Talking Tom and Ben News for iPad

You are probably familiar with the “Talking” apps.  There are a variety that are available for free, and work on iPhone, iTouch, and iPad.  This particular one is only compatible with the iPad at the moment, and is free (though there is an offer for an in-app purchase).  My Multimedia club students had fun playing around with the app to deliver some Thanksgiving Jokes on our school news, which is a video broadcast.  They recorded the jokes, then sent them to the computer, where, once the MOV file was converted to WMV (with a little help from Zamzar), we were able to add music and subtitles.  If you are not crazy about all of those complicated steps, don’t worry.  You can just record and e-mail it.  We have not had a chance to use one of the coolest features of this app, which allows you to insert a video from your iPad on which Tom and Ben can comment.  This offers a lot of learning opportunities in which students can explain some of their own homemade videos.  (Example:  Imagine, “This just in – Allison figured out how to solve 13 times 14!”)

Here is a sample of our jokes from our video club:

[vodpod id=Video.15704637&w=425&h=350&fv=%26rel%3D0%26border%3D0%26]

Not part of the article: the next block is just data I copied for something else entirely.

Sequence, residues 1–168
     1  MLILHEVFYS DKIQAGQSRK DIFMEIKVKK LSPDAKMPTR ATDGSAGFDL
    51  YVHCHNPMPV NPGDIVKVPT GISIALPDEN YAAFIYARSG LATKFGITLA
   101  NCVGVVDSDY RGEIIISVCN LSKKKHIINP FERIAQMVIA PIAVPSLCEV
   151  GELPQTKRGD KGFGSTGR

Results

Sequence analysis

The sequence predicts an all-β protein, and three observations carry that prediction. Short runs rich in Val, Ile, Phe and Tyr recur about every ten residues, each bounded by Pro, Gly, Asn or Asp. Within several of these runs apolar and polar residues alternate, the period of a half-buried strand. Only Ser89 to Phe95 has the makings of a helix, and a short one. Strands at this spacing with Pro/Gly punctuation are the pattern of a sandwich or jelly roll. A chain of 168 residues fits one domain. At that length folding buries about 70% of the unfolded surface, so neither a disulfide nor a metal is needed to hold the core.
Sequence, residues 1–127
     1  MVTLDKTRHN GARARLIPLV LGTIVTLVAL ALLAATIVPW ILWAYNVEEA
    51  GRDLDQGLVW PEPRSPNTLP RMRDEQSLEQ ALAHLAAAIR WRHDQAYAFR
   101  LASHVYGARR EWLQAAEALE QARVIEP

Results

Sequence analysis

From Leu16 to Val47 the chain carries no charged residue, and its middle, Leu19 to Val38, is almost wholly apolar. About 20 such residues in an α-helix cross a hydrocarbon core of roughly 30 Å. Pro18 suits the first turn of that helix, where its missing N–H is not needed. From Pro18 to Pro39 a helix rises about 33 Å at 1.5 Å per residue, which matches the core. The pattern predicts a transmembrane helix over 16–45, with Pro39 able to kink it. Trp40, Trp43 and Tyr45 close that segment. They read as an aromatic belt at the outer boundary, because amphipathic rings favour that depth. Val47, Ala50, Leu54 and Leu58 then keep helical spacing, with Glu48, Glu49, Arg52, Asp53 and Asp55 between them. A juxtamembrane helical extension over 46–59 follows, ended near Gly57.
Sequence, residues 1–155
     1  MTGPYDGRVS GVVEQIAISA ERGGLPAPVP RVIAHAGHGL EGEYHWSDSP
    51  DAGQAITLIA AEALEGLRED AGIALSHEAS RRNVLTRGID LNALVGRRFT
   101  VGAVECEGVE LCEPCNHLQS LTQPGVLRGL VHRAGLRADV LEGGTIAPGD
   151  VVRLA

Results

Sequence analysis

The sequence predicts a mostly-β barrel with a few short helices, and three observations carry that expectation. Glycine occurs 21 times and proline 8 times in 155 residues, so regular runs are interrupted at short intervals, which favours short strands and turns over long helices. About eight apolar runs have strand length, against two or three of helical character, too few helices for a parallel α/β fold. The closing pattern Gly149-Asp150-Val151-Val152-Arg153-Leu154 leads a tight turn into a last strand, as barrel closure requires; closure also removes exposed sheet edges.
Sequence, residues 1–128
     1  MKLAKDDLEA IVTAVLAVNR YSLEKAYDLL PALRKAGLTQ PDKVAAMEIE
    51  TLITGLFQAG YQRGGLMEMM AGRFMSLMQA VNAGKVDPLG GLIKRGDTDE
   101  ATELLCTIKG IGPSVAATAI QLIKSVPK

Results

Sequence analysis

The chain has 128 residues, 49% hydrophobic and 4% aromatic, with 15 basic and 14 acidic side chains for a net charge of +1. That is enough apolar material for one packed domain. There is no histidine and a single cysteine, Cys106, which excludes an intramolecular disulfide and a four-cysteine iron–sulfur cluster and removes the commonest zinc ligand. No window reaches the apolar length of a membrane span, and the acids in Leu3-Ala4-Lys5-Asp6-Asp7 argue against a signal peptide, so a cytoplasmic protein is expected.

APPitic

The website describes its purpose best:  APPitic is an directory of apps for education by Apple Distinguished Educators (ADEs) to help you transform teaching and learning. These apps have been tested in a variety of different grade levels, instructional strategies and classroom settings.”

On this site, you can browse for apps by: Preschool, Themes, Multiple Intelligences, Bloom’s Taxonomy, and Tools.

Each reviewed app of the over 1,300 gives a thorough description, and many have personal comments from the Apple Distinguished Educators who have used them in their own classroom settings.

APPitic is a good resource for teachers, especially when used along with some of the other app review sites mentioned in my Educational App Reviews post.

Educational App Reviews

As we begin to incorporate more mobile devices into our classrooms to engage our students, the question becomes, “What apps will be appropriate for the needs of my students?”  Sorting through the apps available on sites such as iTunes in the Education category can be very time-consuming.  In the past few weeks, I have come across some websites that try to make the job of finding meaningful apps for children easier for teachers and families.
Proshas 4 different platforms to choose from: App Store, Android, YouTube and Computer, allows users to add app reviews, can filter categories, levels, price, and language, can sort by new, recommended, review, or alphabetic
Consmust register (for free) to suggest apps, does not have a large selection yet
Pros:  can choose App Store, Android, or both, can filter by free, paid, highest rated, most popular, or APProved, can browse by category or age group, seems to have a large catalogue, gives a lot of information – both objective and subjective – about each app
Cons: not specifically designed for educators, although it does have an Education category, does not appear to have any teachers as reviewers (the site is designed for families rather than educators)